Liturgy.  So I put on a CD of the Liturgy, prayed, and thanked God for the
beautiful faith called Orthodoxy that he has given me.  An old Army buddy going
back some 43 years called.  He is a Penecostal and we are the best of friends.
He reminded me of our last reunion in California when I took him to an Orthodox
Church for the first time and what he  experienced.

Forty some odd years ago we were both stationed at Fort Hood, Texas.  In
those days Kileen, Texas was a small one horsetown with nothing but a movie house,
Loan companies, and tons of Mexican restaurants and one motel called 'The Cow
House Motel'.  On Sundays we only got breakfast and cold cuts in the mess
hall.  Since there was no Orthodox Chapel at the time, and the 'Cow House Motel'
offered an all you can eat buffet for $5 I used to go with my buddy to the
Pentecostal Church and then we'd go for the brunch and spend the afternoon in the
lobby watching the games on color  TV (which was new at the time).

Anyhow, Danny my buddy always used to say - 'Bob some day you have to take me
to your church.'  Well I got that opportunity about three years ago when we
both flew to San Francisco for our annual five year get together.  I met Danny
and his wife and after a few days in SF we drove down the Pacific Coast
Highway to Bakersfield where he lived at the time.

Since we were traveling on a weekend, I decided to take him to Liturgy in Ben
Lomond.  I figured it was all in Engish and since the vast majority of people
were from a similiar backgraound as he was, they would be able to handle the
'Why do you worshp idols/' questions better than I.

Well Danny was awestruck!  He stood mesmerized through the Liturgy!
Afterwards we were outside the Church and I began a conversation with a man who
identified himself as an Evangelical Christian.  He said he worked for a worldwide
relief organization and had been all over the world feeding the hungry.  He
also said this was his fourth visit to the Ben Lomond Church.  I asked him what
kept bringing him back and this is his reply -

He told me that so many times in his life he had to turn away starving people
because he had run out of food and was helpless!  He told me a story of being
in Africa trying to feed people that were literally dying from starvation.
And a particular story of watching a mother coming towards him with one child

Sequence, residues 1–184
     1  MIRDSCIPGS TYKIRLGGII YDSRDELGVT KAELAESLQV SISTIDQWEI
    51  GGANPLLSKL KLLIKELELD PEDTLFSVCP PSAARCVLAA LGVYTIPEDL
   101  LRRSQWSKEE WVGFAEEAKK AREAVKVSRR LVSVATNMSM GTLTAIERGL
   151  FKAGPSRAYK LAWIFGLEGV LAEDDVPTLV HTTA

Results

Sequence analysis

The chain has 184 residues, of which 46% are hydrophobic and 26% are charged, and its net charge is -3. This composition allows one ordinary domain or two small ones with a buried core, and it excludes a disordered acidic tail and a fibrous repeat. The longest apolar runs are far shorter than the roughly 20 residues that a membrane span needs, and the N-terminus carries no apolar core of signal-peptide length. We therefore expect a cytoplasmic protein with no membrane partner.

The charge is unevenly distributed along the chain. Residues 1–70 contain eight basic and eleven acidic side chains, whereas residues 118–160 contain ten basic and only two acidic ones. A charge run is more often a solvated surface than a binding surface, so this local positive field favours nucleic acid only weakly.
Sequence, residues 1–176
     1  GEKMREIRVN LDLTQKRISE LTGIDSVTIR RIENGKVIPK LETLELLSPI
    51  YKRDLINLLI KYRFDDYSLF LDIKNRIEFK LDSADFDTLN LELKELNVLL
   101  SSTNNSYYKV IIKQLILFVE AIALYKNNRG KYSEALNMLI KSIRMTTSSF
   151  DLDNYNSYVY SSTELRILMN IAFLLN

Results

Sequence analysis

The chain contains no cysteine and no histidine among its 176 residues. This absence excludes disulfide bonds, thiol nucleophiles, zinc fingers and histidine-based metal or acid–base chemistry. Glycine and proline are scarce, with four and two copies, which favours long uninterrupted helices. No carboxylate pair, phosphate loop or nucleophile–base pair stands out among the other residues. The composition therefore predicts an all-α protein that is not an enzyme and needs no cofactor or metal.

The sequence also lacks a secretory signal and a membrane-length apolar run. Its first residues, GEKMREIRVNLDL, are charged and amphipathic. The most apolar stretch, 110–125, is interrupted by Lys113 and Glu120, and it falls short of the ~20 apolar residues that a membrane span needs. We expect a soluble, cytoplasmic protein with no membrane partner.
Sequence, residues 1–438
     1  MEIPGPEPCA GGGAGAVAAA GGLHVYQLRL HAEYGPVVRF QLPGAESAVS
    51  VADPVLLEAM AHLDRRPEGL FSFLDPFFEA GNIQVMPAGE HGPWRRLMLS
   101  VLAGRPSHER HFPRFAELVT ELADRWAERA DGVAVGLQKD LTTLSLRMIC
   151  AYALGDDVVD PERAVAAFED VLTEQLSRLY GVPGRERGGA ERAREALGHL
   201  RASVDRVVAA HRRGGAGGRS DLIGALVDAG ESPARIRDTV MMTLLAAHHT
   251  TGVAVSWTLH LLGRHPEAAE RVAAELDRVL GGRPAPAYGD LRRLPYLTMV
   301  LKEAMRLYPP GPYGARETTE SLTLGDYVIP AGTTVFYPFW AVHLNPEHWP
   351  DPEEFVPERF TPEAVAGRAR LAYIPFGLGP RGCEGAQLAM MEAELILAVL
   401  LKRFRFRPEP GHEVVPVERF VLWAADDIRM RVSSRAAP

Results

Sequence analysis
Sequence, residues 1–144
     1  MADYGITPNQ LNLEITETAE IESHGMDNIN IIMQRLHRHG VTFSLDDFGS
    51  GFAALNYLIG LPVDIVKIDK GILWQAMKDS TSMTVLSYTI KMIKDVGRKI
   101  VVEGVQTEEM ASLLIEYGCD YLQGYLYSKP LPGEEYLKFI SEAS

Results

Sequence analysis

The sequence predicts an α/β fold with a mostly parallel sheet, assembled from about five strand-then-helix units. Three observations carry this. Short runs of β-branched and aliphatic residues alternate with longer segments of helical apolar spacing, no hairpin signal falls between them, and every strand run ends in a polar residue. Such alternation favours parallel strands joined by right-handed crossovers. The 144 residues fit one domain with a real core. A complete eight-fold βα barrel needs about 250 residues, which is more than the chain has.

walking beside her and holding a baby in her arms.  And watching her lay the
baby on the ground to die as she walked away because  she realized there was no
more food.

And then he said - 'I come home and go to these Pentecostal and Evangelical
Churches and watch while very effluent people who already have so much compared
to the rest of the world asking the Lord for even more and more.  But then I
came here.  And what I saw was a  group of people whose entire service
consisted of  begging the Lord for mercy & forgiveness!   Praying for the sick and
the suffering, captives and their salvation, the unity of all, the souls of the
departed,  and peace for the world.  AND THAT'S WHAT BRINGS ME BACK!'

The following day we were in Bakersfield and I overheard Danny talking to his
sister  and he was telling her - 'Yesterday we went to Bob's Church.  And it
was beautiful!  They sing everything and it's all from the Bible!

It was then that I realized that it took a Pentecostal and an
Evangelical  to teach me and make me appreciate this Holy Orthodox Faith I have been
given.  Even with its blemishes.
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« Reply #7 on: January 10, 2005, 06:36:17 PM »

Great Story, Orthodoc. What year was this?

Incidentally, the two choir directors from that Ben Lomond parish are two of the speakers at a Liturgical Singing Seminar taking place at my parish in Santa Rosa (OCA) the last weekend of February.
« Last Edit: January 10, 2005, 06:38:49 PM by Elisha » Logged
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« Reply #8 on: January 11, 2005, 09:35:38 AM »

Orthodoc, that brought tears to my eyes! Thank you!

Marjorie
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« Reply #9 on: January 12, 2005, 03:11:18 AM »

The Malankara Church celebrates the Divine Liturgy of St. James of Jerusalem, the oldest liturgy in the Christian faith. If there were any reason that I could reccomend for you to joint our church, it would be the beauty and perfection of the liturgy and how alive in Christ I feel to participate in it.